A few weeks ago, Pastor said something in his sermon that has really stayed with me. He was talking about the marriage of Jacob to both Leah and Rachel in the Old Testament, and how Jacob loved Rachel more, even after seven years of marriage to Leah, because Rachel was his heart. Pastor then admonished all singles in the church to make sure that their future spouse was their heart and not just their companion.
My heart went out to the poignancy of Leah’s plight, bound for the rest of her life to a man who would always love her sister more, the apparent quintessential Proverbs 30:23 woman; and then I began to think about Leah herself. Unfortunately, instead of focusing on capturing her husband’s heart, Leah turned her attention to the heated rivalry with her sister and fractured their relationship.
While we know that Rachel was Jacob’s heart, we have to wonder if Jacob was really Leah’s heart, or if she was more interested in social status and attention. While we cannot know Leah’s motives and desires, we can learn from her marriage to Jacob. How often do we allow the same thing to happen in our relationship with God? We seek the benefits of companionship with Him, often without making Him our ultimate desire. Often, when we see our brothers or sisters walking in enraptured love of Him, we grow jealous of the anointing, attack their zeal and judge their motives rather than emulate their lifestyles.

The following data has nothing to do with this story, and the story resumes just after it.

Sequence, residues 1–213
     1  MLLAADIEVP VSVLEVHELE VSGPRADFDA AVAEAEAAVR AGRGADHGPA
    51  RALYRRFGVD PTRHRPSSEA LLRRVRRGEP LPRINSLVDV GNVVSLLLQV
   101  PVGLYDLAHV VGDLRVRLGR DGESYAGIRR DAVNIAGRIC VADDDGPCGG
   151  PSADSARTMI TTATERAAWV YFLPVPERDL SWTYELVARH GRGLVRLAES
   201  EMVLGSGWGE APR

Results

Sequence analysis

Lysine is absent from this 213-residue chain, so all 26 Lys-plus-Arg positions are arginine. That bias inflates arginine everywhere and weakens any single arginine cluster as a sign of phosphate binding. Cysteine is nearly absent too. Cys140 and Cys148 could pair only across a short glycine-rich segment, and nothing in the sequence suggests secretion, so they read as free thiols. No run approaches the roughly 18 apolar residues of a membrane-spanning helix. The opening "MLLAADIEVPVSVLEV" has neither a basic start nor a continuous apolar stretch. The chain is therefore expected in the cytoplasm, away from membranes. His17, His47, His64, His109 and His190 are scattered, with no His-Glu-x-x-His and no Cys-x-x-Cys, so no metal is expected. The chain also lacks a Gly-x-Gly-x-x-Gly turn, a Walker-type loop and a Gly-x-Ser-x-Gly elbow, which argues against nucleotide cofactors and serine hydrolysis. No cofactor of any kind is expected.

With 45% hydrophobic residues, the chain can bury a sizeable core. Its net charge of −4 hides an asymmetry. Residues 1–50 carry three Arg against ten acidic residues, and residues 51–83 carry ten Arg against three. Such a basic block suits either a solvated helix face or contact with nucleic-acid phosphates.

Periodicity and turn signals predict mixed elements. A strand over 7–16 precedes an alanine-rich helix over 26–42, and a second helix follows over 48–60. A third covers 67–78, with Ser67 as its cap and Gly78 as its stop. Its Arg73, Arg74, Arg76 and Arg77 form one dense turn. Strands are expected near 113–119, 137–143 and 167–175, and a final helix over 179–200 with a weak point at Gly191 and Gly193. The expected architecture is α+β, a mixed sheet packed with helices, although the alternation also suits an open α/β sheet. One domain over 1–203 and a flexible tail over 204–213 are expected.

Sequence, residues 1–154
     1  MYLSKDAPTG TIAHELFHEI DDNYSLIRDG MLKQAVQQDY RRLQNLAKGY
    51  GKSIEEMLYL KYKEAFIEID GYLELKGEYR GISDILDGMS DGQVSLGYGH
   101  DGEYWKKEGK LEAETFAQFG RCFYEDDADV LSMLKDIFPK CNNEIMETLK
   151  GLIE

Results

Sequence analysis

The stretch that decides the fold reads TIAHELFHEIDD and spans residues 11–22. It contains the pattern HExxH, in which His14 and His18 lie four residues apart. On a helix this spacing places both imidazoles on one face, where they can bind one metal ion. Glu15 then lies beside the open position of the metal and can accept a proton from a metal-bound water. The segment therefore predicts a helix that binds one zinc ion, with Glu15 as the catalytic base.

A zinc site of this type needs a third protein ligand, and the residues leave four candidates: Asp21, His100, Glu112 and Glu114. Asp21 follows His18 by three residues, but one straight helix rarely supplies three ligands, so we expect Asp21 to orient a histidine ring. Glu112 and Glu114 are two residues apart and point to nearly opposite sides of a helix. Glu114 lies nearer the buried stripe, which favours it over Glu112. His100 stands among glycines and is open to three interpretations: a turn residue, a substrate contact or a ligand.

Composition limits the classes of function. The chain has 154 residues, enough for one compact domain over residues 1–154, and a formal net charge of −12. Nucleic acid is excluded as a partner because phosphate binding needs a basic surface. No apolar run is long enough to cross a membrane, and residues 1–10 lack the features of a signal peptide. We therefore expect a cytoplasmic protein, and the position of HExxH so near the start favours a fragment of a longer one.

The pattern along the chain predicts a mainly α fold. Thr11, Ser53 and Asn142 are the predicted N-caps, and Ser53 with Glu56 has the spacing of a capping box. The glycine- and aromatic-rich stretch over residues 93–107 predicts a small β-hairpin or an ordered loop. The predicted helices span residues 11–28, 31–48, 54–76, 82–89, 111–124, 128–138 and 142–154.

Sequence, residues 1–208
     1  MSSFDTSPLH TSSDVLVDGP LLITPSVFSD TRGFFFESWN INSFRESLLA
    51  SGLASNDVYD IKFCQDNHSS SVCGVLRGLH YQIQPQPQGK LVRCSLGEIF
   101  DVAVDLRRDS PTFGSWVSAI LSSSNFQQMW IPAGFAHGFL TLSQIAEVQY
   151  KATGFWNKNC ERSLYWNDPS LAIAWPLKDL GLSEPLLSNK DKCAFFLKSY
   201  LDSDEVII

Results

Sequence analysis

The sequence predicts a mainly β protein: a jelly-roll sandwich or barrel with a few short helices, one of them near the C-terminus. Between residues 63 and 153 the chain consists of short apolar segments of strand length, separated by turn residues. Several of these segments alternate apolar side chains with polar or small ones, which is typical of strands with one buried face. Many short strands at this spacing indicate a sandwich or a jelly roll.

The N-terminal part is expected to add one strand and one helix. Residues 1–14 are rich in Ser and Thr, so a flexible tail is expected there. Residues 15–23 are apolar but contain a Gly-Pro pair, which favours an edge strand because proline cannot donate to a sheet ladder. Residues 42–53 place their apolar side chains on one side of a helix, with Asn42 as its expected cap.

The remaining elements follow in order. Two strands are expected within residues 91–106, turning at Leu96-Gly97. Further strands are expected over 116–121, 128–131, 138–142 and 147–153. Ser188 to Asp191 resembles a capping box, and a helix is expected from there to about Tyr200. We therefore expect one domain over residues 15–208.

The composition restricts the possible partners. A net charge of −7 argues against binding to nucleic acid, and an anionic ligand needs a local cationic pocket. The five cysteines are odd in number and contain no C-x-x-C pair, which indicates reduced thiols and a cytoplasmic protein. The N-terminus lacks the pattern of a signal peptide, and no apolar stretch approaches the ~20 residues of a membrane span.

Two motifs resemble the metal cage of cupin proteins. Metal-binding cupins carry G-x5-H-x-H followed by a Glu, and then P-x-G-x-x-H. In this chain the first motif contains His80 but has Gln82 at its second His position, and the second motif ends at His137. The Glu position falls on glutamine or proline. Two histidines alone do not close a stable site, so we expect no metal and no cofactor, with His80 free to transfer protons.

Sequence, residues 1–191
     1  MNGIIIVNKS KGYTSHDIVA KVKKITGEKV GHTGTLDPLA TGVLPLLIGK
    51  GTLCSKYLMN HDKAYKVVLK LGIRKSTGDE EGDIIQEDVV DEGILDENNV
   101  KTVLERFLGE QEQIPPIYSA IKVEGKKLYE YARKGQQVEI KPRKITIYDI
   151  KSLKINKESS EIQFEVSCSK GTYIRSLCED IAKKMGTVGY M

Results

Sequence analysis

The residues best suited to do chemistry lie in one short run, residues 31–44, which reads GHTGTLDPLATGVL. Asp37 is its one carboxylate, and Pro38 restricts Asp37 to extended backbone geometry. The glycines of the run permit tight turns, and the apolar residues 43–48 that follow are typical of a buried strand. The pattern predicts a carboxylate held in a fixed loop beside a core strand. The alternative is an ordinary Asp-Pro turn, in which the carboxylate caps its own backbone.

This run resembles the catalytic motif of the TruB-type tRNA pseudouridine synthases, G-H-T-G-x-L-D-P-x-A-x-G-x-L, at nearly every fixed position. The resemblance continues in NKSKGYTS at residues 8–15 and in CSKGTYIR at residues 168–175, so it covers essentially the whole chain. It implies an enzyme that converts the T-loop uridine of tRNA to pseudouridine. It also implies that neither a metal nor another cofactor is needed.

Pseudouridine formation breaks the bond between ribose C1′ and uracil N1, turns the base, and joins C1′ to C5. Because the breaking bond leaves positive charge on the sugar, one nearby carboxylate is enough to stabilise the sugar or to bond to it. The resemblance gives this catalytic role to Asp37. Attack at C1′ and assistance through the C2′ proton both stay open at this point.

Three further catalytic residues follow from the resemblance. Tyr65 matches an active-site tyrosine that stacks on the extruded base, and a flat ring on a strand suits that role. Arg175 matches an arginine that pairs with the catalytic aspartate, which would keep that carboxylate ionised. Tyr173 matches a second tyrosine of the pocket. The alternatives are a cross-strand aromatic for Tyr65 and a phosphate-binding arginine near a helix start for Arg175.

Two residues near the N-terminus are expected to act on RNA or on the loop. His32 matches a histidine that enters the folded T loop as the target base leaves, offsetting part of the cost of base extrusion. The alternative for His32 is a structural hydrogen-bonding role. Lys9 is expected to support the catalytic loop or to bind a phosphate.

At our House of Prayer meeting on Saturday, we discussed how part of the curse on woman in Genesis 3:16 was a raging thirst for love that no broken and imperfect man can fully satisfy. Leah’s story is an example of how this quest can become twisted and is fruitless. I believe that the curse can be a mixed blessing. History shows us that God allows those He considers His friends to experience His emotions. Abraham better identified with God’s sorrow at sacrificing His son when he laid Isaac on the altar. Hosea experienced God’s pain at a constantly unfaithful people when he married a prostitute. David felt God’s heartbreak at having evil repaid for good when he spared Saul’s life, only to have Saul chase him in the desert again and again.
In women, God has planted an inherent ability to understand the unspeakable longing He has to be loved. He is the master pursuer, but He longs for a people who will pursue Him with equal passion and abandon. The paradox of mature, agape love is that it expands, and the more you love, the more you realize how much more there is to love. The Psalmist asked, “what is man that Your are mindful of him?” I would ask, “What am I, that Your heart’s cry is to be my heart?”